One Year has passed since the ‘One Nation, One Tax’ regime has been in place. Despite initial apprehensions, its success has to be measured on the yardsticks of ‘common man friendliness’, ‘advantages for trade and industry’, benefits to economy’ and ‘simplified tax structure’
Dr Sarangapani Bommaraju
The Modi Government has accomplished the biggest tax reform after Independence with the successful implementation of the Goods and Services Tax (GST). It was first mooted by the Atal Bihari Vajpayee Government in 2000. The Kelkar Committee, which examined the issue in 2004, observed that a tax reform of nationwide dual GST would be able to achieve “a common market, widen the tax base, improve the revenue productivity of domestic indirect taxes and enhance welfare through efficient resource allocation”. It took nearly 17 years before GST was finally launched on July 1, 2017.
The division of powers between the Centre and the States are clearly delineated in the 7th Schedule of the Constitution, which was amended in 2016 to introduce the GST which subsumed a number of central and state taxes. A dual GST structure has been designed empowering the Centre and the States to concurrently levy GST on intrastate trade. In addition, an integrated GST (IGST) is designed to tax supplies in the course of inter-state trade.
India now a Common Market
The Constitution intends through Article 301 to have “a free flow of trade, commerce and intercourse throughout the territory of India”. Since the safeguards provided in the Constitution were not in operation effectively, the Central and the State Governments used flexibilities provided in Article 302 and 304 to levy multiple taxes. The domestic trade barriers in the form of having different tax rates and procedures in different states and complexity of tax structure and administration stood in the way of India emerging as a single common market. The complex multi layered indirect tax structure had fragmented Indian market into 29 regional markets.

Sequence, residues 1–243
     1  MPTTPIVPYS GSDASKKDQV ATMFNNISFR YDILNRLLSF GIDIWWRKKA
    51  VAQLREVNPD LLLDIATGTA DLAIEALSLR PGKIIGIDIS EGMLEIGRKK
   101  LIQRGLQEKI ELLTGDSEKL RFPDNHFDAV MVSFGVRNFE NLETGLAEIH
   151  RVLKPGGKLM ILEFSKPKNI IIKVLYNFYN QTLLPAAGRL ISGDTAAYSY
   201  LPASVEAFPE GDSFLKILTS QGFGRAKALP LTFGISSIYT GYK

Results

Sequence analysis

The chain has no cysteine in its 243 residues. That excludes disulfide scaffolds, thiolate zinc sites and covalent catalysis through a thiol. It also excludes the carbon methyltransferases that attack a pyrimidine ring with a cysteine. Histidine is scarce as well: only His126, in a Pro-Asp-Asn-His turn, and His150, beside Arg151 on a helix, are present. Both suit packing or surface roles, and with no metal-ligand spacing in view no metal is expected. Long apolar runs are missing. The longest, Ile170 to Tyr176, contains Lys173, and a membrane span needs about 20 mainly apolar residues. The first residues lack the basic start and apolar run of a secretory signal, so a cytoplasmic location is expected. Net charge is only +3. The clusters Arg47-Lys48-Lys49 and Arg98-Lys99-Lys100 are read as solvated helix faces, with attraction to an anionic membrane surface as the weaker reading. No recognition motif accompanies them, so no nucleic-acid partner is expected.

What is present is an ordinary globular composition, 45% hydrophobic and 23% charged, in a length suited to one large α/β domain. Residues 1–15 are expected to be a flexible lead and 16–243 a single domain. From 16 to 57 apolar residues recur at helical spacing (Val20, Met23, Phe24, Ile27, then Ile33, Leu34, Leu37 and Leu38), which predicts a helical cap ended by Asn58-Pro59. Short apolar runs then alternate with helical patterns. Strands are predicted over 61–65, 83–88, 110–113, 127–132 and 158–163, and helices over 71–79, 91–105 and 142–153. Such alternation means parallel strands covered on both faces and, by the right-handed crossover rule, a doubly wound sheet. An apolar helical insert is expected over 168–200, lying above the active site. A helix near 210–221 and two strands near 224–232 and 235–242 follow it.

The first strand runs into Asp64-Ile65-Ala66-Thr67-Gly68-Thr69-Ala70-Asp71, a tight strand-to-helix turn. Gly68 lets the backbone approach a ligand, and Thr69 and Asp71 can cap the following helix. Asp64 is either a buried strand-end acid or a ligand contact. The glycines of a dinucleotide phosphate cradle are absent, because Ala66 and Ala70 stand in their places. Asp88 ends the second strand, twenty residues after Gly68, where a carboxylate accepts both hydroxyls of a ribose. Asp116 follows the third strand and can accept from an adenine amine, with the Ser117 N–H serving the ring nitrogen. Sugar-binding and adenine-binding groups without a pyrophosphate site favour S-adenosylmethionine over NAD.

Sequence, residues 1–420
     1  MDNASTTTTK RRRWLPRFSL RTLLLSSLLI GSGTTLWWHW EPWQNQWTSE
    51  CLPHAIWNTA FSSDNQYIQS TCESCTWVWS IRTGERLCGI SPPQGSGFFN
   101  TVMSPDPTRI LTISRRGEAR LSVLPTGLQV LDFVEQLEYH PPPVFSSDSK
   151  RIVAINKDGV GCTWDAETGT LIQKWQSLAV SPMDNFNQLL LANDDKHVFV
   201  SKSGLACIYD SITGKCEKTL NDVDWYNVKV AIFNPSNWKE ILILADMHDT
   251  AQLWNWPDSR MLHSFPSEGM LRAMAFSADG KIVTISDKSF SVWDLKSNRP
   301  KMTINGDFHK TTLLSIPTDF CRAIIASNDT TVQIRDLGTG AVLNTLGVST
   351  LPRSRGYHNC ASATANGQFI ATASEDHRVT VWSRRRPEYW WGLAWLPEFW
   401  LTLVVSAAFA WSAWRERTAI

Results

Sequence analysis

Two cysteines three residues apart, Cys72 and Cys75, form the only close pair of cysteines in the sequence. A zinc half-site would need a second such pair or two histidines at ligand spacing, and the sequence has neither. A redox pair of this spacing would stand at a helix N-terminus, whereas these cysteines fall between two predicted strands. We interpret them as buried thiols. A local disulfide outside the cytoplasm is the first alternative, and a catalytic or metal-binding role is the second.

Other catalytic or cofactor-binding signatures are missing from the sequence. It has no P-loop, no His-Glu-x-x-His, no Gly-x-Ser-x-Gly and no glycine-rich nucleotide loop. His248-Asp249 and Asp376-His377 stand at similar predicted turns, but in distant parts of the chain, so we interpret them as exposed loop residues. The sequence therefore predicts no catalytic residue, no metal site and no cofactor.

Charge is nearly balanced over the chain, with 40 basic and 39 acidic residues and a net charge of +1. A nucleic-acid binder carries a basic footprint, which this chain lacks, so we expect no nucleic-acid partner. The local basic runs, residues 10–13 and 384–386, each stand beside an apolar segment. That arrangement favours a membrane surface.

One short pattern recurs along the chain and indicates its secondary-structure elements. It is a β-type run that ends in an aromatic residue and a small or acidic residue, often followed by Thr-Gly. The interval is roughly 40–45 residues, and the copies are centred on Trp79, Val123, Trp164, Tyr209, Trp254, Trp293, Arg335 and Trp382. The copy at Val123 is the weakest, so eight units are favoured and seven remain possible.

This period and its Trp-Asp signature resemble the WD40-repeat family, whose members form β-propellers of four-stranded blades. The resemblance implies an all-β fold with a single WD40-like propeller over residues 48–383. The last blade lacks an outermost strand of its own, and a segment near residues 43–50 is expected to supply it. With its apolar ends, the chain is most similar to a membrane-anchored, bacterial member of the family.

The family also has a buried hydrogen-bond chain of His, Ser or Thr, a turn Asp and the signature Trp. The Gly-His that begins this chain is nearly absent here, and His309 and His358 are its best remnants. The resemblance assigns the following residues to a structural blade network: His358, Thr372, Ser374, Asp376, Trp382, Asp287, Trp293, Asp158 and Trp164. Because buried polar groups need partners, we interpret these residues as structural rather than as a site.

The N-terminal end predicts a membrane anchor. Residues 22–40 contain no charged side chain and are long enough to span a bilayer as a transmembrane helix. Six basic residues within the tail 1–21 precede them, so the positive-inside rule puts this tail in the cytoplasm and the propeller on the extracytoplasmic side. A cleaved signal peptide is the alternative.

The newly created constitutional body, GST Council, has emerged as a unique institution, where the Centre and the States are willing to pool their sovereignty and give fiscal space to each other. The Council, since its formation in September 2016, has worked at a fast track and has been responsive to the needs and feedback of the trade, industry and other stakeholders and made a number of mid-course corrections after the roll-out of GST. The Council’s structure and working gave inspiration for being replicated in other crucial areas for the promotion of cooperative federalism.